Mongaup River Trail

MongaupRiverMay2017_18camera32gps_pictalltrailscaltopomapmyhikeOn Thursday, May 4th, I had planned to get out early to hike but an ambulance call in the middle of the night made sleeping a little later necessary. When I got up at 9:00 AM, the temperature was in the high 50’s and the sky was cloudy with some sun peaking through. The forecast called for increasing temperatures and more sun so I dressed in lighter pants and opted for a light windbreaker. I decided that I would investigate some more trails from the website that I was working to correct and improve. My choice was to first head to the Mongaup River Trail south of Glen Spey and stop by Hickok Brook MUA on the way back. Driving to the Mongaup River would take almost an hour and I had to make at least one stop along the way. We left Livingston Manor at 9:30 AM and I drove down State Route 17 to Liberty. I finished my business there and picked up Route 55 south toward Eldred. I drove for 23 miles through Swan Lake, Kauneonga Lake, and White Lake. In Eldred I turned left at the light on CR-32 (Proctor Road) and drove a little over 5 miles to Glen Spey. I turned right and then left on CR-31 (Upper Mongaup Road). I again drove south a little over 5 miles to Route 97. I made a left, crossed the bridge over the Mongaup River and made a quick left into the parking area. There was already a car parked and as I was getting ready another turned into the lot. I set my electronics and was ready to hike at 11:10 AM. The trail left the right side of the parking area as a flat gravel path paralleling the river. I was surprised the Mongaup was flowing high and fast. The trail was easy to walk and I was glad as I had left my poles in the car opting to put Sheila on her leash. For some time I did not see any other people so I let Sheila loose and we walk quietly on the trail. Several times I dropped down to the water’s edge to take pictures. The river was very bit as pretty as the Neversink in the Neversink Unique Area. At one point I looked up and saw people ahead and out Sheila on her leash.

The other hikers stoppeMongaupRiverMay2017_22d o take pictures and talk so we passed by them with a “hello”. The trail remained easy to follow and relatively flat and well maintained. I stopped one more time for pictures and then continued on to an old cemetery to the right of the trail. The engraving on the stones was weathered and hard to read but one date said “1882”. I took some pictures and by the time I was done the other hikers were in sight. I shouldered my pack and we walked a little further but found that the trail had ended at almost exactly 1 mile. We turned around and stopped to talk to the other hikers. Sheila was surprisingly well-behaved as we talked. The couples were together and they were hiking the six trail in the Upper Delaware Take a Hike series. One couple was from Wisconsin and the other from Northern Virginia. We discussed hiking in the area and where they had been and where they were going. Their next hike was going to be to Jensen Ledges in the afternoon. I talked to them about rating trails and they gave me some good insights. As we turned to walk back, the couple from Virginia hike back with us. We had a very pleasant time talking about hiking and places to live in general. The walk back was even quicker than the walk out. We were back at the car at 12:15 PM having hiked 2.1 miles in 1 hour and 5 minutes. The elevation gain was 130 feet. I pulled out of the parking lot and turned north on Upper Mongaup Road to retrace my earlier route back toward Eldred.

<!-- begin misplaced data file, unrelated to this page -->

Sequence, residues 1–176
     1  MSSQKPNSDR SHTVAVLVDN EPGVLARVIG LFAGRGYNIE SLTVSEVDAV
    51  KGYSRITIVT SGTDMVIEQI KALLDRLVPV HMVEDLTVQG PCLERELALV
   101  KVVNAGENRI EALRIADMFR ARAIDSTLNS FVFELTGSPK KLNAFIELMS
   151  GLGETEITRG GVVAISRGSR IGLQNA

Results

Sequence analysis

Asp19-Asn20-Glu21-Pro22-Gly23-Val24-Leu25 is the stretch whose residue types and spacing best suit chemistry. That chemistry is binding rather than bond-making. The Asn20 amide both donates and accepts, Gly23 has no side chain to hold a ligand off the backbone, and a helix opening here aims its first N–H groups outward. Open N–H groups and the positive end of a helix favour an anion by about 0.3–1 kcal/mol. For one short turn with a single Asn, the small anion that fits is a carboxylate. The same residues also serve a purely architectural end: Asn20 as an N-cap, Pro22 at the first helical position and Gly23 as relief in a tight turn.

One thought on “Mongaup River Trail

  1. I live down the road in neighboring Port Jervis and have fly fished my entire life. Never once did I fish the Mongaup. Was told it was too dangerous and unpredictable, but others said it was loaded with wild brown, rainbow and brook trout. I walked the trail in June with a friend and couldn’t help but notice fish rising all over the river. I fished it for three days during Fourth of July week/weekend and caught several browns and a rainbow well over 20″. It’s a hidden gem for fly fishermen as well.

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